About SR’s MOSFET VDS oscillation when SR turned off Question

Dear MPSer,

As MPS’s presentation, I would like to discuss the SR’s MOSFET VDS oscillation when SR turned off.
My question is why the suffer current reverse when turned off slowly? And the phenomenon only happen in fly-back convertor?

Not MPS, but all rectifiers have to switch from conducting to non conducting as the voltage across them reverses. Diodes are smart enough to do this on their own but even with diodes you have fast ones and slow ones and varying amounts of reverse current and varying suitabilities for high frequency switching power supplies. Mosfets need to be controlled to turn on and off. In the off going transition two things have to happen, the controller needs to figure out that the current in the diode is about to reverse, and then secondly it has to act fast to limit the reverse current. The better the controller does both things, the more ideal a diode is created by the ideal diode driver.

Thank you very much!
I afraid that I may have not fully understood your explanation, could you help me to confirm if I’ve interpreted it correctly as following figure.
also that, could you let me know the mechanism of reverse current generation.

In flyback the mechanism of reverse current generation is as follows. During the ON period of the primary side FET energy is stored in the transformer, the phasing is such that during this period the secondary side rectifier is reverse biased. Once the primary side FET switches OFF the voltage on the windings both primary and secondary flip polarity and the secondary side rectifier begins to conduct. The energy that had been stored in the transformer discharges into the output cap through the rectifier the rectifier is ON. In a DCM or boundary mode flyback this energy fully discharges the current from the transformer falls to zero. Once the energy in the transformer is gone, the voltage across it collapses so now you have an output capacitor (fully charged) and a transformer secondary with no energy in it. Current then begins to flow backwards through the rectifier.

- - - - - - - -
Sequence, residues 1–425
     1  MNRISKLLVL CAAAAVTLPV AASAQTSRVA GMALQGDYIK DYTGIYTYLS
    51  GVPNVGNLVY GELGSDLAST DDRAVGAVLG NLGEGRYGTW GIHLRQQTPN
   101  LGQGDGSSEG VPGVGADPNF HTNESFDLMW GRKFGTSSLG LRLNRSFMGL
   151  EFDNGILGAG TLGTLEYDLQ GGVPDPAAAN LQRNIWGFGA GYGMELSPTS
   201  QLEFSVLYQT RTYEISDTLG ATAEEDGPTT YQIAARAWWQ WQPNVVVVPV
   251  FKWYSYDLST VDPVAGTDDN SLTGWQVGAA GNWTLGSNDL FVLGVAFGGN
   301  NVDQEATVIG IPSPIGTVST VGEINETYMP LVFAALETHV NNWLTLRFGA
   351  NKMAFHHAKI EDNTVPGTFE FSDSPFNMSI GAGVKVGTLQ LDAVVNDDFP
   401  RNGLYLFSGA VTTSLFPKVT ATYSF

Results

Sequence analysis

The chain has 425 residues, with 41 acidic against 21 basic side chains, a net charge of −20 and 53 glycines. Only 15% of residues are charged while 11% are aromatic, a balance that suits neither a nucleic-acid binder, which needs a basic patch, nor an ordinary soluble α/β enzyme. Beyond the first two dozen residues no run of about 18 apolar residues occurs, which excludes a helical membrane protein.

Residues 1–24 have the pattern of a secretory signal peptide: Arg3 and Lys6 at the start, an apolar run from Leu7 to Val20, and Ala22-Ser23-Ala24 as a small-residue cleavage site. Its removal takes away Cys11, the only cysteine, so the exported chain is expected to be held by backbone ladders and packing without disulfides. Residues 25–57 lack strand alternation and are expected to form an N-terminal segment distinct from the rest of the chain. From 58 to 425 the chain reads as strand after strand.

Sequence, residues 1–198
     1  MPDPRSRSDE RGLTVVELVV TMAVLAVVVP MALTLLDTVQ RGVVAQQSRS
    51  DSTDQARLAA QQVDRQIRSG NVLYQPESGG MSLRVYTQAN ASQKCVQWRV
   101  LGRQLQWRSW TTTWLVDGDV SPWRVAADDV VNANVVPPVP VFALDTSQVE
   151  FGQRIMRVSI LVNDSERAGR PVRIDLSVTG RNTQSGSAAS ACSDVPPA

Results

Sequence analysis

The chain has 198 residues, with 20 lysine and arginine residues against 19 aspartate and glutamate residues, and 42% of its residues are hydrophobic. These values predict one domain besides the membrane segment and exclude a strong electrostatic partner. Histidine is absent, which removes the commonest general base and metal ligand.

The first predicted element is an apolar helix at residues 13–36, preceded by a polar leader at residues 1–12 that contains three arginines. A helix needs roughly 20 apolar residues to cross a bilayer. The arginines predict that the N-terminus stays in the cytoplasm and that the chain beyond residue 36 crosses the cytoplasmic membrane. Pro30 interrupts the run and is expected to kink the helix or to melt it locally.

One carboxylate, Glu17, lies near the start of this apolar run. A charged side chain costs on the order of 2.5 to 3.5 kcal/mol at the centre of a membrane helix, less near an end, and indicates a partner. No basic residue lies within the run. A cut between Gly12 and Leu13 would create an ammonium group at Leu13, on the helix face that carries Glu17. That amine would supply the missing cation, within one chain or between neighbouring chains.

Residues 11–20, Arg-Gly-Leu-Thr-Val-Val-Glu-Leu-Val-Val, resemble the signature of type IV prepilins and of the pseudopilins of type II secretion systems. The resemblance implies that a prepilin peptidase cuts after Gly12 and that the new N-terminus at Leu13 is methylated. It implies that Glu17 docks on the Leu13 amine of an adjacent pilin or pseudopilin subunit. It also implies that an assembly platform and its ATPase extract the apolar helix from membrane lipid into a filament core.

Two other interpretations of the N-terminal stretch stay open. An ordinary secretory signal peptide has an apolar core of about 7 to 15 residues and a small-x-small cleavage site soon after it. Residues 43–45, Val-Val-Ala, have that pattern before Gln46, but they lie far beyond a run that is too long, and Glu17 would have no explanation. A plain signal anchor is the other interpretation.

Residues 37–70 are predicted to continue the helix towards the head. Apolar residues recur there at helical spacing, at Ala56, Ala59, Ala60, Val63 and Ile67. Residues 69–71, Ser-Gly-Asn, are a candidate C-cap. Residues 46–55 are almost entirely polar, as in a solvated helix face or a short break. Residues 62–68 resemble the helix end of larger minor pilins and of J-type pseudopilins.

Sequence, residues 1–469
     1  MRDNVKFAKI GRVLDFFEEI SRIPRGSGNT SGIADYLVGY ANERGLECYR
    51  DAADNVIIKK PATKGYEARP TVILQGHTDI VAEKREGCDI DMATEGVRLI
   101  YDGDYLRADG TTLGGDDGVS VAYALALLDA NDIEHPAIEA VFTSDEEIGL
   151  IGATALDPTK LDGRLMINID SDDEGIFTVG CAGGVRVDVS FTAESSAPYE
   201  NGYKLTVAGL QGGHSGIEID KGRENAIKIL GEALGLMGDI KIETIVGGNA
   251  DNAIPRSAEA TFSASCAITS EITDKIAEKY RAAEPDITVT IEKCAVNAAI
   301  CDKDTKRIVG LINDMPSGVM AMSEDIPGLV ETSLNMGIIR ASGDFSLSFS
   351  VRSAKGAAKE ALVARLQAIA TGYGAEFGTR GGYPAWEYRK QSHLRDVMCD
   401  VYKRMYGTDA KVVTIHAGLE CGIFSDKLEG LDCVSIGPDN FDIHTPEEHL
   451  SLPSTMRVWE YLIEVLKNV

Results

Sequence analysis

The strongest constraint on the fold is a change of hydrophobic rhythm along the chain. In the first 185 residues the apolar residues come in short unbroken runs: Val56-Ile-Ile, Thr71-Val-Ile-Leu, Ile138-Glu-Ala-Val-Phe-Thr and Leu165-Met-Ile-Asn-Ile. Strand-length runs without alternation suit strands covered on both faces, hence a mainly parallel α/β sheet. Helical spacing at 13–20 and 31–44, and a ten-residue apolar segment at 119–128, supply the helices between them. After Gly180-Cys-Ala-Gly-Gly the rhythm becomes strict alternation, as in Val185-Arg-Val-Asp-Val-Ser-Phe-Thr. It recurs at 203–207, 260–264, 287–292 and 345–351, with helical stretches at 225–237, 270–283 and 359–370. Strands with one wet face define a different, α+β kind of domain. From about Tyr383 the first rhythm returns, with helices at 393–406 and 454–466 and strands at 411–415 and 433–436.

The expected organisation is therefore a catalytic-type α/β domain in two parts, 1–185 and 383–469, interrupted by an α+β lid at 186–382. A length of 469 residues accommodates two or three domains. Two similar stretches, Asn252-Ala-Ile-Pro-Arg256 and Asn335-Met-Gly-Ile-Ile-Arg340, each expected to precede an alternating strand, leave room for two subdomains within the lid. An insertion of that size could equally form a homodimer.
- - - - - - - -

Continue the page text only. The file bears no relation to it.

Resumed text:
Alternatively in you little picture the line Isd will just keep going negative unless the rectifier switches off to stop it.

Dear Jshannon,

Thank you very much!
Such as LLC converter has dead time in half bridge, Is this reverse current also the generate of the output capacitor?

The LLC primary side switches are a little different. The operating frequency is chosen so that the load appears “inductive”. What that means is when the active switch turns off the inductive load attempts to force current to continue to flow. For the high side switch that means the inductive kick forces the voltage low. The switch node is naturally commutated by the inductance. If halfway through that natural transition you decide to hurry it up by switching on the low side fet you will incur losses due to discharging the node capacitance in a dissipative way through your fet rather than a lossless natural ring down with the inductive energy.